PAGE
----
UQ pays for “violent” Chinese consul defense against Pavlou

Recall that:

And now today:

Time ASIO raided UQ.

David Llewellyn-Smith
Latest posts by David Llewellyn-Smith (see all)


  1. The BystanderMEMBER

    Gee, who’d have thought that giving universities autonomy and then cutting federal funding would lead them into an unholy alliance with one of the worst regimes in contemporary history? Quelle surprise!

  2. Just like the CCP, everything that has gone wrong is someone else’s fault, and all dissent should be summarily stamped out.

    Should we designate UQ as a terrorist organisation for serving at the beck of the Chinese, Communist Terrorist state?

    Either way, this will end UQ – it’s chosen the losing side of history and will pay a heavy price for it. Time for these pathetic little socialist fascists to get a healthy dose of reality.

  3. The feds defunded the unis, and dodgy players saw it as an opportunity to gain influence of the hearts and minds of future workers, business leaders, politicians and in fact influence society as a whole.

    It also allowed a debt funded bidding war that drove up the cost of courses way beyond anything resembling the cost of delivering those courses. It’s not unlike the housing market where you constrain supply to just below the natural level of demand, and allow debt in and you get a bidding war. At the same time education quality has declined.

    I hate to say it but it looks like it was a bad idea to privatise education.

      • PaperRooDogMEMBER

        Exactly!!! It was proven to pay for itself in the long run with better jobs lifting all boats (trickle down economics that actually worked a bit even for those at the bottom) and allowing greater social mobility, ie. poor kids could make it to Uni (UK study I read over 10yrs ago showed a big reduction in social mobility, less poor kids made it to Uni, guess it’s same here)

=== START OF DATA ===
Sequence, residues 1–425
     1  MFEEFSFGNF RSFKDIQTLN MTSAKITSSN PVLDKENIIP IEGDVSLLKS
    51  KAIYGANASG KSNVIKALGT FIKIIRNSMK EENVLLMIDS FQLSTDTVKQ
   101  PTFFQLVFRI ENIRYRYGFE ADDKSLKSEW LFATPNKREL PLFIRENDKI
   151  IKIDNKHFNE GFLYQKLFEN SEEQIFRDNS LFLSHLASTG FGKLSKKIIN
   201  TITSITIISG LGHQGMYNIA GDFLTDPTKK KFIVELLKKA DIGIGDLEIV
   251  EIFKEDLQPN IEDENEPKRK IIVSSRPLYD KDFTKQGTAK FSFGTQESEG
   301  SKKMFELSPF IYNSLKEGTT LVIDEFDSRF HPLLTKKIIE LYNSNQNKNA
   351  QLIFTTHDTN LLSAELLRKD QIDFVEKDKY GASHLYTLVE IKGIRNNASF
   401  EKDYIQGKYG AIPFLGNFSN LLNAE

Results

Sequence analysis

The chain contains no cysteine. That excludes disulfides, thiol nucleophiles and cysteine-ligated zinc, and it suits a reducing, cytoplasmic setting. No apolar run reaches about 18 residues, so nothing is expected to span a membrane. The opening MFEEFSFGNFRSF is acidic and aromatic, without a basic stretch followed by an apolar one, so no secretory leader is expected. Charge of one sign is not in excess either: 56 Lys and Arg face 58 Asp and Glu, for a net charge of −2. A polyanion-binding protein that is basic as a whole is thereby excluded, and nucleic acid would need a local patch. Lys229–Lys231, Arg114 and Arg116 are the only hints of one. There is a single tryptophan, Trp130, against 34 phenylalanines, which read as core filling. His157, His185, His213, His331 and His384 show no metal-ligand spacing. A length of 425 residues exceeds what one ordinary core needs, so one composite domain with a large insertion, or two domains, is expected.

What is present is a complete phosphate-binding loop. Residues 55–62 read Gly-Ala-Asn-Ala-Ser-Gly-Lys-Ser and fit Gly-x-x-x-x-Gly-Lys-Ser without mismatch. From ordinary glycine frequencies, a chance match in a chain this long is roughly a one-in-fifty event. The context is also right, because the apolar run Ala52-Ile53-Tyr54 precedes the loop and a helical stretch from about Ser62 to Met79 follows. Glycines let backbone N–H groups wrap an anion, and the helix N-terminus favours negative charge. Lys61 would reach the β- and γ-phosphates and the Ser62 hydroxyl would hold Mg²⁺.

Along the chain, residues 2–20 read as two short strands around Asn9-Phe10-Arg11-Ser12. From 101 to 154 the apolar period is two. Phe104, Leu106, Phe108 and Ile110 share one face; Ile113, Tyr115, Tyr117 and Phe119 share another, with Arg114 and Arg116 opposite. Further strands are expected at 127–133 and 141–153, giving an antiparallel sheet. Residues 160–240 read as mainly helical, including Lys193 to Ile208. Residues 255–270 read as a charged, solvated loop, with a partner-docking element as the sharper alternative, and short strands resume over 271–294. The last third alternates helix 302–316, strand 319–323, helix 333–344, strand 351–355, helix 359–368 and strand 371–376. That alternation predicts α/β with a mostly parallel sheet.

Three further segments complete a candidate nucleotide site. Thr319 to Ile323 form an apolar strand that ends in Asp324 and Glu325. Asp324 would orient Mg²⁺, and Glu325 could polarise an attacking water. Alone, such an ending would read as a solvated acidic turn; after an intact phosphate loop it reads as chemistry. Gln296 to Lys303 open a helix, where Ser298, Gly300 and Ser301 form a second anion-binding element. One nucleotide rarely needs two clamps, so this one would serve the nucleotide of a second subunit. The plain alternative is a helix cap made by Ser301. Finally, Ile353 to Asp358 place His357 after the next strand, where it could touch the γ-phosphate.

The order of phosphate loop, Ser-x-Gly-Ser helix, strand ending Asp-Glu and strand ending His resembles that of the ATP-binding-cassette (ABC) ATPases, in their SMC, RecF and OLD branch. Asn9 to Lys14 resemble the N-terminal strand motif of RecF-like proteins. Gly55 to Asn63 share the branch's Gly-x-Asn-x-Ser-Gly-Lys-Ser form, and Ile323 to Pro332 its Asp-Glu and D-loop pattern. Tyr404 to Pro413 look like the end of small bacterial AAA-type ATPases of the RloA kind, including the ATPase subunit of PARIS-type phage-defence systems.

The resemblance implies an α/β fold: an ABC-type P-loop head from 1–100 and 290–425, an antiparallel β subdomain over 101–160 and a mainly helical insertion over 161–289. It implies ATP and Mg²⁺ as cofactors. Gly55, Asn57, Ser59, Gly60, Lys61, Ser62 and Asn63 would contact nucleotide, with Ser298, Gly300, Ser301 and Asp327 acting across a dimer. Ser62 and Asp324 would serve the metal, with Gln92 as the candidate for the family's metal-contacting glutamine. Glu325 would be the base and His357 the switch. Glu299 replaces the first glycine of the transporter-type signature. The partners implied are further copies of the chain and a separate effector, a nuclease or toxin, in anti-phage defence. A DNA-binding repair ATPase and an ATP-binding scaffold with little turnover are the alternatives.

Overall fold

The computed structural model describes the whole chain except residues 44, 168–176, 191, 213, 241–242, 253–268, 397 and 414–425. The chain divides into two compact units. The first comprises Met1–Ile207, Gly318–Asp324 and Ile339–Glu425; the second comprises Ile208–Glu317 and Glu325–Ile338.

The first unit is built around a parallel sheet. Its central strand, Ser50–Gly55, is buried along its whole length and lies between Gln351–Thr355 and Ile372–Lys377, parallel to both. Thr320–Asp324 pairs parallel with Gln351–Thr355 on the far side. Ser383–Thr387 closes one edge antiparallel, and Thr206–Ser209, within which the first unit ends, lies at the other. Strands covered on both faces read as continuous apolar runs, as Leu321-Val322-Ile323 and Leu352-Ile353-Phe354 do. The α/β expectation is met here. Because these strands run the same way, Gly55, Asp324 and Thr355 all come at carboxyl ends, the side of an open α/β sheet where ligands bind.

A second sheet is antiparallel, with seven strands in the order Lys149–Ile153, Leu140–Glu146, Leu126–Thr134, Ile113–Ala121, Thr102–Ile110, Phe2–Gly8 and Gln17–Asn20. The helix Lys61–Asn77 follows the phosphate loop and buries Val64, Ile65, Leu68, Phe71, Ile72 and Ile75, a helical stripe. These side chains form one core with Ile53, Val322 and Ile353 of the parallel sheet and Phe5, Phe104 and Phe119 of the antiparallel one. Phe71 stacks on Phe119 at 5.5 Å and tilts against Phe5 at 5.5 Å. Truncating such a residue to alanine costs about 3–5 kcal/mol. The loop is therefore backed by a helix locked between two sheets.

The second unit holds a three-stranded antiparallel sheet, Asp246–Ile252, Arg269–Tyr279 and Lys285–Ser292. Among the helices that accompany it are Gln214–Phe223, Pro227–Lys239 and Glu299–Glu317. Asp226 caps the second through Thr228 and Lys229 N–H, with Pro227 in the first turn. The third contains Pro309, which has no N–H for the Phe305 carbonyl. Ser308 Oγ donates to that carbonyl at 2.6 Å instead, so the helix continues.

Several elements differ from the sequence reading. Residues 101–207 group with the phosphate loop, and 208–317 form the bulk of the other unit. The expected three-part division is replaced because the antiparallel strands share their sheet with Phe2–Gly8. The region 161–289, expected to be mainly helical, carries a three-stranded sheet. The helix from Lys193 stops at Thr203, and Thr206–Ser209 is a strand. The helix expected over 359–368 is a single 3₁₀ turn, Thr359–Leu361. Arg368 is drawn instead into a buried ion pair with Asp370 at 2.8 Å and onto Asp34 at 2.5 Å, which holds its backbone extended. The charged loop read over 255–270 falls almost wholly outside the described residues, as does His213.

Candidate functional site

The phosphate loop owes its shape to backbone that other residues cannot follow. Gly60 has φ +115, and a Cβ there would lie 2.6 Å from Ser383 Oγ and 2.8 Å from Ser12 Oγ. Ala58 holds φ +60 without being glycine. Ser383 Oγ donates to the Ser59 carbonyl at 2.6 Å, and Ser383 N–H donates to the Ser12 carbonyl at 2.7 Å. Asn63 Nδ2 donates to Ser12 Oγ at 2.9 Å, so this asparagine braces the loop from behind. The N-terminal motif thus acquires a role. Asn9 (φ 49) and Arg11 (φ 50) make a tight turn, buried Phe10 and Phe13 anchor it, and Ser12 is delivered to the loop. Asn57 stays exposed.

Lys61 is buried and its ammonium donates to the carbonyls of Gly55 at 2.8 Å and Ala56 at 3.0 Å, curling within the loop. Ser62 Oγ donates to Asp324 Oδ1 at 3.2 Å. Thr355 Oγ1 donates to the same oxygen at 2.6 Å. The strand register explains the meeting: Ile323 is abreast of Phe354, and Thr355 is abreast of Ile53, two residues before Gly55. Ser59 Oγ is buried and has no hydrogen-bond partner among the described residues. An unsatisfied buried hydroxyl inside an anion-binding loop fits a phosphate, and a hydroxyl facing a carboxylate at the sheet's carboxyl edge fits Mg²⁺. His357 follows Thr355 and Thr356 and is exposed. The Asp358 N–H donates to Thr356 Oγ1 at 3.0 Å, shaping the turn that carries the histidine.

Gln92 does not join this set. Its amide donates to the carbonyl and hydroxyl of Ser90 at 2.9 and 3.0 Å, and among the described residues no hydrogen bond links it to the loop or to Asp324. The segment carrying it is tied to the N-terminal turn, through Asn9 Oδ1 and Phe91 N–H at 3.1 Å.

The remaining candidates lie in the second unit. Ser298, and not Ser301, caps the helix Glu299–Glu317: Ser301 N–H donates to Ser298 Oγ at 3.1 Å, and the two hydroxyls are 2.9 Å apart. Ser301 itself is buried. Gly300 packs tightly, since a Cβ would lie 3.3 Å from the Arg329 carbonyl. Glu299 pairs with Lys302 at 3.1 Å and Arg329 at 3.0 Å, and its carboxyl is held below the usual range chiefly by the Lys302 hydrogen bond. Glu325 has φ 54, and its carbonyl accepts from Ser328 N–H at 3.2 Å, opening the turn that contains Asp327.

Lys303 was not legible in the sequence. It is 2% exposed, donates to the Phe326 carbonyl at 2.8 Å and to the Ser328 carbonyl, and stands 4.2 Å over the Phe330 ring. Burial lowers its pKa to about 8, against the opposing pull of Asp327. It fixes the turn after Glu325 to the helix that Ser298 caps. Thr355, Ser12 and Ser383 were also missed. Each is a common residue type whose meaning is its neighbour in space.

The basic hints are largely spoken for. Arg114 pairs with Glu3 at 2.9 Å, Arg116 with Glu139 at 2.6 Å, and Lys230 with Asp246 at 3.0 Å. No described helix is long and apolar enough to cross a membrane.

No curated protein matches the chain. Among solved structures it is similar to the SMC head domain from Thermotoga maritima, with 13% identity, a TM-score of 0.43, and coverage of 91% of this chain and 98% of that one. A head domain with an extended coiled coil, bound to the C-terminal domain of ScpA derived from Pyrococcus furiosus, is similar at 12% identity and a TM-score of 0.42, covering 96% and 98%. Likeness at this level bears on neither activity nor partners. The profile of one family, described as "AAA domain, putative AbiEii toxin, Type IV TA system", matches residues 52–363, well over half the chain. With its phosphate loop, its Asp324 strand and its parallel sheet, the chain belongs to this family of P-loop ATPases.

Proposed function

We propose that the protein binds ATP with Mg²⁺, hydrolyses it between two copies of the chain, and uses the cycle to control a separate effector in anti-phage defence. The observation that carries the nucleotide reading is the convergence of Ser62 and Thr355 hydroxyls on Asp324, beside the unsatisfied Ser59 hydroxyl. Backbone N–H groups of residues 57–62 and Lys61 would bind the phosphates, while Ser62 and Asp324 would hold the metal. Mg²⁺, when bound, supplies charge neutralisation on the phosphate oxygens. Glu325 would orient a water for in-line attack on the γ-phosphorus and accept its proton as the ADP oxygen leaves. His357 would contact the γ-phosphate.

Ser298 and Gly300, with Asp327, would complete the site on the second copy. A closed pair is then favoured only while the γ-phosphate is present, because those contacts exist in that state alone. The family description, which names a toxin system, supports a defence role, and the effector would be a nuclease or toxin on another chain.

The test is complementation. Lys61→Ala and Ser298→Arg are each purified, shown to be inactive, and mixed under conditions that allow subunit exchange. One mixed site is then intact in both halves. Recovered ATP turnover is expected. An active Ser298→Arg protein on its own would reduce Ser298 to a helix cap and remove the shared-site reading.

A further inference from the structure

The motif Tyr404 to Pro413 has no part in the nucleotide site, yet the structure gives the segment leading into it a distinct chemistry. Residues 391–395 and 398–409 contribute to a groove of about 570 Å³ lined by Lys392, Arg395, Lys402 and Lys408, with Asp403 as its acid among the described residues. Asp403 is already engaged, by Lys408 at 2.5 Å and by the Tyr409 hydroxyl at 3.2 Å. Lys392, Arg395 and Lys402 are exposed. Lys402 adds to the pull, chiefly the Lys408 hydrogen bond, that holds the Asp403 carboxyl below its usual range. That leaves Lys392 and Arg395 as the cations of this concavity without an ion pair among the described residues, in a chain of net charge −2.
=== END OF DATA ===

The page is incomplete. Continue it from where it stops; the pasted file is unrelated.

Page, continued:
4. Astonishing if true. How might UQ try to justify this? On the basis that the Consul-General requires legal support only because of an action by one of their senators?

  5. ComradeKovolot

    The CCP in Beijing seem to allow its foreign representatives to speak their mind (shoot their mouth off) more than other countries allow.
    I would think its the standing rule in diplomatic circles is for a consul general to at least phone head office to see if what they are about to say to a local media is OK. Topics regarded as sensitive or potentially damaging and they would be told STFU!
    The problem I have seen with the Chinese CCP government is its resembles the Chinese Imperial Court, countless petty officials (Mandarins) doing and saying their own thing with the impression they will gain favor of the Emperor. Back in the day sometimes it worked, while others lost their heads.
    Very soon the top man in Beijing will notice the antics of Brisbane’s Chinese Consul-General and he will be recalled.

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